This “Red Sunday” in Istanbul was itself immediately preceded by redder ones in distant Van. The official charge that Armenians were working with the Russians was occasioned by the fact that Russians had come to the aid of the Armenians in Van, threatened with imminent slaughter. In the end, Djevdet Bey, the murderous governor, was anyway able to exterminate more than fifty thousand of the Christians living in that vilayet alone.
Curiously, or not, the events of “Red Sunday,” then many similar as prominent Armenians were rounded up all over the country and sent to holding camps at Ankara from which they would never emerge, is closely connected with the other centenary we are celebrating, today. That is Gallipoli. The Ottoman authorities were acting under the impulse of war, in a moment when they began seriously (and reasonably) to doubt their own survival. But lest this seem an extenuation, it should be remembered that the same authorities had repeatedly turned on the Armenians each time their own global inadequacies had been exposed.
Under the notorious Tehcir Law, a model later for Hitler, all property belonging to Armenians could be seized, and arrangements began for their deportation to — undisclosed locations. These were prison camps which pioneered the methods of Auschwitz and Belsen. Germans and Austrians in the region, as allies of the “Sublime Porte,” were horrified by what they saw, using such descriptors as “bestial cruelty.” There was no possible question that the authorities intended to exterminate, not incarcerate. The Turkish people at large could also see what was happening around them, when not themselves participating in the slaughter. There is no extenuation for them.
The Treaty of Sèvres, after the War, proposed restoration of Armenian native lands within the defunct Sultanate to a new Armenian republic, but in turn triggered another campaign, now by the Turkish nationalists who succeeded the Ottomans. Their law allowed any remaining Armenian property to be seized by the state on the glib ground that it had been “abandoned.” During this later, post-Ottoman phase, perhaps another hundred thousand Armenians were massacred, often in places to which they had fled for safety. Mustafa Kemal “Ataturk,” the great secular Turkish patriot, was direct commander in the later stages of this Turkish-Armenian War, and much progressive effort has been expended washing the blood off his hands.
May 12, 2015
Published on 11 May 2015
World War 1 saw several completely new technologies develop rapidly. The airplane itself was only a few years old but pioneering engineers soon saw its potential for military use. For recognisance and later as fighter or bomber, World War 1 had huge impact on aviation and warfare in general. This special episode gives you an idea about the obstacles that had to be overcome.
May 10, 2015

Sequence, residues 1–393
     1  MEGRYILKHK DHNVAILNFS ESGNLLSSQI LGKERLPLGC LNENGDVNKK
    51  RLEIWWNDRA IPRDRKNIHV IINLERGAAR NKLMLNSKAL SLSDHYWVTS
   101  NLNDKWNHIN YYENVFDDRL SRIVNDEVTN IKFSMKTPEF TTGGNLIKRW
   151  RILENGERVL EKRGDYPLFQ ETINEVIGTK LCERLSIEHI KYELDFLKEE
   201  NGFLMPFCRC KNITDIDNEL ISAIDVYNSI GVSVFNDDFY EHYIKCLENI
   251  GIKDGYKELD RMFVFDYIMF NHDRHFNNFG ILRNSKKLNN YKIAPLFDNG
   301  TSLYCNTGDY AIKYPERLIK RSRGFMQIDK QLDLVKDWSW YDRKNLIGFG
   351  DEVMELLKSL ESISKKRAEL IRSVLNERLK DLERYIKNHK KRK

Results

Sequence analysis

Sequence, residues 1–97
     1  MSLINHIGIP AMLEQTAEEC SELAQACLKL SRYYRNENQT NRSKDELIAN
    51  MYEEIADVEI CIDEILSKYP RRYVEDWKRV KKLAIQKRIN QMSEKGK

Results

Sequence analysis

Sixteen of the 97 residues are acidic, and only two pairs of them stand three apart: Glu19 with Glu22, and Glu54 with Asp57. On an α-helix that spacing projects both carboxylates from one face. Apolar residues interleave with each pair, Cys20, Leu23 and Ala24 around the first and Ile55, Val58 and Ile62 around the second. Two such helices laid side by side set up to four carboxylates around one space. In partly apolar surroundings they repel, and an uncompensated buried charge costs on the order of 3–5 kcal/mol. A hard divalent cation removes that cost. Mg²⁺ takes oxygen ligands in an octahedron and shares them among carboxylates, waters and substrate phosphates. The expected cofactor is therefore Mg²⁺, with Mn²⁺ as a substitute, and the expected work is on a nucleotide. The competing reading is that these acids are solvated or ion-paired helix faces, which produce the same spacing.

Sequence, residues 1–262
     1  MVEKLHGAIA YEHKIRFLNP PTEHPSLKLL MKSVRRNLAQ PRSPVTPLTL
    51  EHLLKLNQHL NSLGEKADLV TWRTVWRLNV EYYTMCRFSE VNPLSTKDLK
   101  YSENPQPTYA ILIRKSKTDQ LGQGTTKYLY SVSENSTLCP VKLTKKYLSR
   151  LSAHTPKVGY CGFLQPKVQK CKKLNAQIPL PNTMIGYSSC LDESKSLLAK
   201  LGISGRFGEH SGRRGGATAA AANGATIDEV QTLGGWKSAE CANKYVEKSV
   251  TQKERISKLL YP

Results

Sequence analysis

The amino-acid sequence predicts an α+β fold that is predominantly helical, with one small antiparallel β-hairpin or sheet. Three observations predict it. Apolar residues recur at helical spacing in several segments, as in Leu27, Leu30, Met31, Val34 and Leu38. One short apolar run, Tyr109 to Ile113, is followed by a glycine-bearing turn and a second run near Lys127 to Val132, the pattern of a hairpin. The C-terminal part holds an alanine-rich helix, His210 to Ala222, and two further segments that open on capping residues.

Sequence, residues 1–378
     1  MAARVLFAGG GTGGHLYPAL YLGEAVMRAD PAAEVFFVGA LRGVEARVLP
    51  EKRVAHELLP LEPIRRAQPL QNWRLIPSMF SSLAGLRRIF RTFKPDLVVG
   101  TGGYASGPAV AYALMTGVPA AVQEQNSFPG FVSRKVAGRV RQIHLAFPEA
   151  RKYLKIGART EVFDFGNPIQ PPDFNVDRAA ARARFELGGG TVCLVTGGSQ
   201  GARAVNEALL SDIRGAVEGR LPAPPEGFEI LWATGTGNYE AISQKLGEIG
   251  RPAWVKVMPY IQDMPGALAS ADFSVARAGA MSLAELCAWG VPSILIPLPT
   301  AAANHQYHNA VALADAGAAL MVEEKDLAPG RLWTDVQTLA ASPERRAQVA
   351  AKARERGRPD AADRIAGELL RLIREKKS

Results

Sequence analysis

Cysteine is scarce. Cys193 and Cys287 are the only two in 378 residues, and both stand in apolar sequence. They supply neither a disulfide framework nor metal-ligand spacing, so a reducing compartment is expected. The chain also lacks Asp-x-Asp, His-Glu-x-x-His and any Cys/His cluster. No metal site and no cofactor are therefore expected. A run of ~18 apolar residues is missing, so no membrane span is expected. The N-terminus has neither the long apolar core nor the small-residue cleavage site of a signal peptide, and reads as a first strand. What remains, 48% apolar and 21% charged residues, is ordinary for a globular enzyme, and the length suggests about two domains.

At War on the Rocks, Jake Hall talks about the pervasive inflence of intoxication during the First World War:
The assassination of Archduke Franz Ferdinand is often regarded as the proverbial match in the tinderbox where World War I is concerned. The imperial-nationalist tensions surrounding Austria-Hungary’s waning empire, tensions which inspired the assassination and ensuing conflict, were frankly unwarranted, considering the swill these regions were, and still are, trying to pass off as potable spirits. Then again, what’s a tragic war of global scope without tragically misguided motivations at the start? One contributing factor to the war-primed Europe of 1914 sounds oddly familiar. Disenfranchised youth of marginalized states resorting to suicidal violence. It’s easy to see how the seven agents of Ferdinand’s assassination could be lining up to enlist in ISIS today. Youthful, “angsty,” and driven by an unhinged sense of importance and righteousness, it was a 19 year old, Gavrilo Princip, who carried out the clumsy assassination on the streets of Sarajevo. After a failed bombing attempt, failed suicide attempt, and a major security lapse by Ferdinand’s guards, the conspirators succeeded in gunning down the Archduke and Duchess almost by chance. With that act the Serbian nationalists, on a quest for south Slavic unification, killed a couple that were by many accounts lovely people, and started the July Crisis that led to the Great War.
The conflict that followed became the then-largest mobilization of military force ever, until the rematch 21 years later. HG Wells was the first to declare WWI the “war to end war,” and though that designation had contemporary critics, it quickly became a motto for the hostilities. A war to end war seems like an occasion for a drink, no? If it doesn’t, you’ve either never had a drink or you’ve never had a soul. In any case, what follows is an account of which powers were most benevolent during the war, measured chiefly by the alcohol rations secured and distributed to their soldiers. It presumes that the men fighting in the trenches on all sides had drawn short straws in life, and the side most willing to allow a little buzz on the front line exhibited a little humanity.